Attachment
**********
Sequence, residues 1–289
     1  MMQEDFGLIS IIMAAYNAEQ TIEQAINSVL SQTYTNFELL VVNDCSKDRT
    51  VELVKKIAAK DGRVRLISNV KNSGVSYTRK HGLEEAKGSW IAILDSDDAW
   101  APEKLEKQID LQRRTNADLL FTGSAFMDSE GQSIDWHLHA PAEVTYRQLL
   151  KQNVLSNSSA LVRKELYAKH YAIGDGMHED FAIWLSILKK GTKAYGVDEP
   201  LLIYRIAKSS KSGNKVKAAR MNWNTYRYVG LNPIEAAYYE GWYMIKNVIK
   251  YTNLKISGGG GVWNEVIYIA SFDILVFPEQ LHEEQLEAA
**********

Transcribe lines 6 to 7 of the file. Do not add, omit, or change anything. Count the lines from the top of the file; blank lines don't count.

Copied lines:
   201  LLIYRIAKSS KSGNKVKAAR MNWNTYRYVG LNPIEAAYYE GWYMIKNVIK
   251  YTNLKISGGG GVWNEVIYIA SFDILVFPEQ LHEEQLEAA